• Pay: Paid leave must be provided, however, employers may request proof of voting, which should be stipulated in advance.

6. Prenatal Leave

  • Eligibility: Employees in the District of Columbia have the right to a leave of absence during the prenatal period. 
  • Duration: Up to 9 weeks to bond with a child (including adopted or foster children), 6 weeks to care for a sick family member with a serious health condition, and 2 weeks of personal medical care.
  • Circumstance for Utilizing Leave: Required bed rest, pregnancy-related treatments, medical care after a miscarriage, prenatal appointments, exams, treatments, and prenatal physical therapy.
  • Pay: Prenatal leave is paid as per the Universal Paid Leave Emergency Amendment Act.

7. Holiday Leave

  • Eligibility: All employees in the District of Columbia may request leave to observe Emancipation Day, as long as the request is made at least 10 days ahead of time. However, there are exceptions if the leave would disrupt company operations.
  • Duration: The leave is granted for Emancipation Day on April 16th or the nearest workday.
  • Circumstance for Utilizing Leave: The occurrence of Emancipation Day. 
  • Pay: Leave for Emancipation Day is unpaid.

The following are the official federal holidays observed in the US:

State Official Holidays Date
New Year’s Day 1 January
Martin Luther King Jr. Civil Rights Day Third Monday in January
Washington’s Birthday Third Monday in February
Memorial Day Last Monday in May
Independence Day 4 July
Labor Day First Monday in September
Columbus Day Second Monday in October
Election Day Every other year
Veterans Day 11 November
Thanksgiving Day Fourth Thursday in November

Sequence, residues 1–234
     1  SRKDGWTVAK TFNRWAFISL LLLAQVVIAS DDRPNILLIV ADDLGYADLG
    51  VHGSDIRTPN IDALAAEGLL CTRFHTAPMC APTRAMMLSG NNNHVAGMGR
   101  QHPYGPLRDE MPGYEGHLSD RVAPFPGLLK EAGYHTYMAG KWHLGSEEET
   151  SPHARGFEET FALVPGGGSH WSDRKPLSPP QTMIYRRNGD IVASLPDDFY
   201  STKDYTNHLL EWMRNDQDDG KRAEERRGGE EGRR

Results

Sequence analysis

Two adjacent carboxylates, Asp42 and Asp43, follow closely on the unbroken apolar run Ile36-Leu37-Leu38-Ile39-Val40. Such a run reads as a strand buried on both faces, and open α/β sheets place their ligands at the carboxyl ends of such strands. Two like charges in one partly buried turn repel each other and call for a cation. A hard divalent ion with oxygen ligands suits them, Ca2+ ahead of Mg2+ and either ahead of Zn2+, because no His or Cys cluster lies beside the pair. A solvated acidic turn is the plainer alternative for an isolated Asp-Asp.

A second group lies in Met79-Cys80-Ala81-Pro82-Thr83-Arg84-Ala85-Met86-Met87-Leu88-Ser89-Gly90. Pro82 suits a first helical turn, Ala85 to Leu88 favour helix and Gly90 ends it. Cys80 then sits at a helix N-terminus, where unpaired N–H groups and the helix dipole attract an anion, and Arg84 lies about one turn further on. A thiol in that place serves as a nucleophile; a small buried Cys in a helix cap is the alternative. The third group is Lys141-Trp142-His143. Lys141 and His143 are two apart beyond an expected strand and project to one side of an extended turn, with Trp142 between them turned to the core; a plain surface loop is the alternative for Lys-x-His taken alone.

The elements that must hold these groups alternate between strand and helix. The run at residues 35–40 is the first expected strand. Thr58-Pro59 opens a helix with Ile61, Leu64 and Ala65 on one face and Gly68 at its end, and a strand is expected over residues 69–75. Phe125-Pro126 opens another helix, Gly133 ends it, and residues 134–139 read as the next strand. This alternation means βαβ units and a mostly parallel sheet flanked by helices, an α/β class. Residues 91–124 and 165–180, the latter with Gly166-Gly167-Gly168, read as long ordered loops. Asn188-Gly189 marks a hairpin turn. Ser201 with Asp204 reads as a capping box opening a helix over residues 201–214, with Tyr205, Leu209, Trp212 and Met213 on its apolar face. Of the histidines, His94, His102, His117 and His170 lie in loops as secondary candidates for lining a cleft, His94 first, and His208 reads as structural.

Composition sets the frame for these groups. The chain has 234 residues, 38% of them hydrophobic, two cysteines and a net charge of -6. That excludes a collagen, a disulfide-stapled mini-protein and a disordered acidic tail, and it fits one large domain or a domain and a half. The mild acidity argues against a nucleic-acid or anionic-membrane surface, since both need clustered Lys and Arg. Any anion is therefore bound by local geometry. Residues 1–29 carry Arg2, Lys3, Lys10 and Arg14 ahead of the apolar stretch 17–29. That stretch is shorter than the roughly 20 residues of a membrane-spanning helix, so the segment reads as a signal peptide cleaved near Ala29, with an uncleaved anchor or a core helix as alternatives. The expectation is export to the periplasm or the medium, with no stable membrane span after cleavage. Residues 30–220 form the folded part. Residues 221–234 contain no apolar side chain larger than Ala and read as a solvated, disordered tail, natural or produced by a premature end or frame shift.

Christmas Day 25 December

Learn more in detail about District of Columbia Labor Laws and District of Columbia Salaried Employee Laws.

District of Columbia Non-Required Leave

The following types of leave are optional for employers in the District of Columbia:

1. Bereavement Leave

In the District of Columbia, bereavement leave is not mandated by law, meaning employers are not legally required to provide it. Employers may choose to establish bereavement leave policies to support employees during times of loss, if they see fit.

2. Vacation Leave

There is no legal requirement for employers in the District of Columbia to offer vacation leave to their employees. Any vacation time given to employees, whether paid or unpaid, should be clearly outlined in the employment contract or employee handbook, including how it accrues, its usage, and any conditions on payout upon termination. Employers are free to design their vacation policies as they see fit, as long as they consistently apply and communicate these policies to all employees.

Important Cautionary Note

This content is provided for informational purposes only. While we make every effort to ensure the accuracy of the information presented, we cannot guarantee that it is free of errors or omissions. Users are advised to independently verify any critical information and should not solely rely on the content provided.